This is a picture of the tray.  I put my new Scentos Markers (love!!!) in there.  You can see there is lots of room in this box.

This picture shows how nice the books fit into the bottom of the box.  The tray fits on top and the lid clasps.  The box is compact enough that it can fit in a student desk or 

I had to post a picture of this cute little paint can container I found.  It's just slightly smaller than a standard paint can.  I found it in the Easter isle at Walmart.   Not as big as a shoe box but there is enough room to hold some art supplies, small books, and some drawing paper.  

I hope that you have found this post to be helpful.  If you have any questions about putting together activity boxes, feel free to email me at   or you're welcome to leave a comment with your email address and I will contact you.  

Below, you'll find a link up of the other Bloggers participating in this event.  I hope that you'll take some time out of your busy schedule to read through the posts.  Be sure to share the Bright Ideas with your friends and colleagues!


  1. I love this idea!!!!!! Thank you so much for sharing!! I really want to try it next school year if I need it :)
    I love the tackle box!

  2. Hi Danielle,
    This is really a great idea! I wish I had it several years ago when I taught at a behavioral school. I think it would be very useful for my gifted kids too that always seem to finish their work quickly or for students that need a little push to inspire them. Thanks for sharing!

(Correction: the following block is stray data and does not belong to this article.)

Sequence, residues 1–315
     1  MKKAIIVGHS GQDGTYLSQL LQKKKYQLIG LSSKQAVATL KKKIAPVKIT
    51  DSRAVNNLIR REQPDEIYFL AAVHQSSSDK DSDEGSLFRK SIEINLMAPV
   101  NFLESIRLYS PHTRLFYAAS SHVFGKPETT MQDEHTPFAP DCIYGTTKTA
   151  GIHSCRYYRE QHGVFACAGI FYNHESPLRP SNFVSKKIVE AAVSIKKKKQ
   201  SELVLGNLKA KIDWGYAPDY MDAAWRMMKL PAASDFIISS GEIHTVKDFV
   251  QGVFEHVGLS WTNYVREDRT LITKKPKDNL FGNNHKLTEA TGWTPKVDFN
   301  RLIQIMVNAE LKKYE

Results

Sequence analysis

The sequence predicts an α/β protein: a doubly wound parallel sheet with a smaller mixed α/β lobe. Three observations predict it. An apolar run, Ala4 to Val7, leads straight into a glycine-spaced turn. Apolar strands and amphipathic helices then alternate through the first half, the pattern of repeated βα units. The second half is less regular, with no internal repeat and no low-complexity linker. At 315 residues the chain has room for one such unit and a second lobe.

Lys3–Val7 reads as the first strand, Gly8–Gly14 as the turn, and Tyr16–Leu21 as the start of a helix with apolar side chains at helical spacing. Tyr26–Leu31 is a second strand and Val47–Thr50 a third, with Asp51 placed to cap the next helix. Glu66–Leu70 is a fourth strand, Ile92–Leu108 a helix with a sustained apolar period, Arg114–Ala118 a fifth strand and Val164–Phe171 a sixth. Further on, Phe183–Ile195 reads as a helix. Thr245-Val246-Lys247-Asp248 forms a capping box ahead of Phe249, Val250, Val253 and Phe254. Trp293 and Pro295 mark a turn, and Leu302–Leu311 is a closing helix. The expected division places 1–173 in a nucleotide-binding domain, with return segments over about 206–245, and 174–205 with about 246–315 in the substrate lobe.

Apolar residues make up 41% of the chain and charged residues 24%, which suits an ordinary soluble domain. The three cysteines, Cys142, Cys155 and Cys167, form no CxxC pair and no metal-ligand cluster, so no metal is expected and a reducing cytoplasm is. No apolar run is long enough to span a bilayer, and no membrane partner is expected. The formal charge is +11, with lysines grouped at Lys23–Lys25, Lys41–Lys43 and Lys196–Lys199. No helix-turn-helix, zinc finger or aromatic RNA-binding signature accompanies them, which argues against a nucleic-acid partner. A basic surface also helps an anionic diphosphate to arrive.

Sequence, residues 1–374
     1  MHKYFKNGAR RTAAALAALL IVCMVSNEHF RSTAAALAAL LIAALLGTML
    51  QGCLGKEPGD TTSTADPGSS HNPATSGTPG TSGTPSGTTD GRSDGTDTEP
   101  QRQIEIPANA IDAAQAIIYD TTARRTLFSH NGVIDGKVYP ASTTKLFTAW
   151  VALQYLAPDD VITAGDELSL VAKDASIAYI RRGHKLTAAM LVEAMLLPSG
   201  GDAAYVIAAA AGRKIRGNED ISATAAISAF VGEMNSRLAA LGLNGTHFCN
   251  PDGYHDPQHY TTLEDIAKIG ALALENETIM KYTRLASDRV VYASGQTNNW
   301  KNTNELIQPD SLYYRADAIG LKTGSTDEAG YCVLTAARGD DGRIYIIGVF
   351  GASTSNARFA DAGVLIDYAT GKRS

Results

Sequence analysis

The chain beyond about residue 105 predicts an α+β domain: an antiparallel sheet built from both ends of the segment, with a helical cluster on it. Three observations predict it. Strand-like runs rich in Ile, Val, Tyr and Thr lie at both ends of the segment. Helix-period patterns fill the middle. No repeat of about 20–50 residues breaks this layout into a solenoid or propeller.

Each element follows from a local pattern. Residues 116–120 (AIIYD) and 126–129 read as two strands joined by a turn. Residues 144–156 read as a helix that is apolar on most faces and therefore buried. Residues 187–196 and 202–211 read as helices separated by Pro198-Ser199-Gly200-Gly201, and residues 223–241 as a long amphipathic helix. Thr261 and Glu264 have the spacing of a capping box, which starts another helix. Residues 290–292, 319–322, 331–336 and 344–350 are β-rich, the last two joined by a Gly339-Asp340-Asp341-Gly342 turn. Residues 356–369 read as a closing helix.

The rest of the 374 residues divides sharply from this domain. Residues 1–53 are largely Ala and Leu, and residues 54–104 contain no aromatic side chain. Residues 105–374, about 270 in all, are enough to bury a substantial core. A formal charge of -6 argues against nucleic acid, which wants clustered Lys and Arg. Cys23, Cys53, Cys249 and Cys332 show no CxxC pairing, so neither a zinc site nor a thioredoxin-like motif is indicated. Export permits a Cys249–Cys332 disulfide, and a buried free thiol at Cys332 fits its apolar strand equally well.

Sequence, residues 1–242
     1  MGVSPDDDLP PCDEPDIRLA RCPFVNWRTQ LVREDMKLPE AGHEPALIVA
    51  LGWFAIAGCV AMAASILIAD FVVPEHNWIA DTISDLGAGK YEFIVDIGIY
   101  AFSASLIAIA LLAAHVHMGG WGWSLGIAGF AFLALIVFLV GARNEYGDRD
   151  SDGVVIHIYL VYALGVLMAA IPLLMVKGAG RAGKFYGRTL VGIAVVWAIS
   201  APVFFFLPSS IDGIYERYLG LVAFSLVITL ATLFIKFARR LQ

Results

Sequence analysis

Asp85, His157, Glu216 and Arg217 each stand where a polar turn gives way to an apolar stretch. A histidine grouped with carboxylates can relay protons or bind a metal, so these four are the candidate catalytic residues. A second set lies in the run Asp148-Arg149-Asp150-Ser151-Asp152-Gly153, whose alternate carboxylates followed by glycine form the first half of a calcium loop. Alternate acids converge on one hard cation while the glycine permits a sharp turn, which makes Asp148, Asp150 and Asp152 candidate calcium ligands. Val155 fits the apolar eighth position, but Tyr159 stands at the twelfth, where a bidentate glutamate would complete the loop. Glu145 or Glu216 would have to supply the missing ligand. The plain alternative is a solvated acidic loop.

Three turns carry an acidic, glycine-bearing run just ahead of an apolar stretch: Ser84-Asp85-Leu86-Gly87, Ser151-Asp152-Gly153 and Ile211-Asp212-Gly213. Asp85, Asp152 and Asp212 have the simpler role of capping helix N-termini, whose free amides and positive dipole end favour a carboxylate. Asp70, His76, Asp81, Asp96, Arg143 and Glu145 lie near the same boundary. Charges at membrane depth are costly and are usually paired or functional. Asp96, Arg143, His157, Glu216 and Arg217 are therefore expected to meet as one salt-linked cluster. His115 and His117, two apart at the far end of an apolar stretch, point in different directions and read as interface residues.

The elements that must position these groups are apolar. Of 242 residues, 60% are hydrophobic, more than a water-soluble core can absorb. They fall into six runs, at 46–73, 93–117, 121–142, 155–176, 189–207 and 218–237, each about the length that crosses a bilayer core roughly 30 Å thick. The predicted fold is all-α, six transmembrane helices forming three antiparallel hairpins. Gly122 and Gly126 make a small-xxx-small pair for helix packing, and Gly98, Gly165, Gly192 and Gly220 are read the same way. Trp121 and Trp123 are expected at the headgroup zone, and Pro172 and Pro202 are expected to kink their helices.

:) Shelley

  3. I love this and as I was reading I had a few of my kiddos who will greatly benefit from this! Thanks!
    Teaching Ever After

  4. This is a great idea! Having the box for the student specifically designed for them!


  5. A great post and thank you for sharing. I discovered that plasticine can be very helpful too. I have a young man that has been a huge problem to a few teachers but is a little angel with me now that I keep a supply of plasticine on hand. I have him model what we are covering (takes a little external thinking occasionally ...) and it works a treat. Once the others are settled to some group work or worksheets I sit quietly with him and we go over his worksheets/exercises together and he now completes all his work. I'm going to make him an Activity Box this weekend :)

  6. How do you keep them from using it to get out of doing work? I have a student with Adhd and one behavioural and both just never initiate returning to the class work or even flare up again when they are prompted to return.

  7. thank your for sharing. such a lovely idea. i am going to try it out as every year i'd encounter one or two student(s) with behavioral problem.

  8. This is a lovely idea. I don't have children with severe behavior issues, but I do have some that are more gifted, they finish their work quickly and are difficult to keep quiet during activities, since they are so easily bored. I do have a question, though. I don't know about kids from other parts of the world, but here, in Romania, in my school, they are all very curious and if a kid gets something, the others will want that something, too and they will keep asking why is their classmate getting stuff that they aren't. So my question is: do you have these boxes for all the children in class? And if not, how do you explain to the others why they don't have these boxes? I teach 4 year olds and it might be difficult to make them understand. But maybe I could have one for each kid and use the boxes instead of the "5 minute break" punishment for bad behavior. For example, if a kid is noisy/angry/sad, instead of giving him the "break", where he'd be isolated from his friends/toys for 5 minutes, I would just give him the activity box and have him work on that until he's calmed himself and feels ready to go back to his friends or his activities. What do you think?

  9. I agree with the above poster. Do you have a box for everyone? How do you keep this from becoming a "reward" for bad behavior. I would think many children would consider misbehavior themselves in order to get a box.